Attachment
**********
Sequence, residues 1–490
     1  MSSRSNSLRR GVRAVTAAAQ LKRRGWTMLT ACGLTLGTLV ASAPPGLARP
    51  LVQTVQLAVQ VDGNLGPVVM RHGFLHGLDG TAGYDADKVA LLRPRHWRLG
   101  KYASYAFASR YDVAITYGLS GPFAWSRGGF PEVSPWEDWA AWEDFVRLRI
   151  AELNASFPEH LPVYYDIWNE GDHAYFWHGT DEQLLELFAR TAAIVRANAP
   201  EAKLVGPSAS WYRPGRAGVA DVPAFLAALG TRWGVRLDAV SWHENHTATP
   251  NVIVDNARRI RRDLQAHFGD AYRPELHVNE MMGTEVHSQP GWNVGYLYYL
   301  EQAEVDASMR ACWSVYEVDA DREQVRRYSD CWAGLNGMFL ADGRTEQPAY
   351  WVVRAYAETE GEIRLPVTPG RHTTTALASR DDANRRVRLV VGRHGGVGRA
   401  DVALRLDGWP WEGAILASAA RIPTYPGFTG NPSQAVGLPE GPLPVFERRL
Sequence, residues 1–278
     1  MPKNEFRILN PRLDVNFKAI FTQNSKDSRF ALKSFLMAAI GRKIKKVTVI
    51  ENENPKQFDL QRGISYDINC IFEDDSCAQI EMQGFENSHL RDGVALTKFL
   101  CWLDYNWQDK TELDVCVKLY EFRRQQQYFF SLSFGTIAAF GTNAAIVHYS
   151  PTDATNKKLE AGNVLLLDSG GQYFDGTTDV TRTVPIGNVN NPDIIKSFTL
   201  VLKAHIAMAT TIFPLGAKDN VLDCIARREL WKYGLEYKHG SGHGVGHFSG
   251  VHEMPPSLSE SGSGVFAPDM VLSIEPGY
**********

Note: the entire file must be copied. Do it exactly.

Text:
Sequence, residues 1–490
     1  MSSRSNSLRR GVRAVTAAAQ LKRRGWTMLT ACGLTLGTLV ASAPPGLARP
    51  LVQTVQLAVQ VDGNLGPVVM RHGFLHGLDG TAGYDADKVA LLRPRHWRLG
   101  KYASYAFASR YDVAITYGLS GPFAWSRGGF PEVSPWEDWA AWEDFVRLRI
   151  AELNASFPEH LPVYYDIWNE GDHAYFWHGT DEQLLELFAR TAAIVRANAP
   201  EAKLVGPSAS WYRPGRAGVA DVPAFLAALG TRWGVRLDAV SWHENHTATP
   251  NVIVDNARRI RRDLQAHFGD AYRPELHVNE MMGTEVHSQP GWNVGYLYYL
   301  EQAEVDASMR ACWSVYEVDA DREQVRRYSD CWAGLNGMFL ADGRTEQPAY
   351  WVVRAYAETE GEIRLPVTPG RHTTTALASR DDANRRVRLV VGRHGGVGRA
   401  DVALRLDGWP WEGAILASAA RIPTYPGFTG NPSQAVGLPE GPLPVFERRL
Sequence, residues 1–278
     1  MPKNEFRILN PRLDVNFKAI FTQNSKDSRF ALKSFLMAAI GRKIKKVTVI
    51  ENENPKQFDL QRGISYDINC IFEDDSCAQI EMQGFENSHL RDGVALTKFL
   101  CWLDYNWQDK TELDVCVKLY EFRRQQQYFF SLSFGTIAAF GTNAAIVHYS
   151  PTDATNKKLE AGNVLLLDSG GQYFDGTTDV TRTVPIGNVN NPDIIKSFTL
   201  VLKAHIAMAT TIFPLGAKDN VLDCIARREL WKYGLEYKHG SGHGVGHFSG
   251  VHEMPPSLSE SGSGVFAPDM VLSIEPGY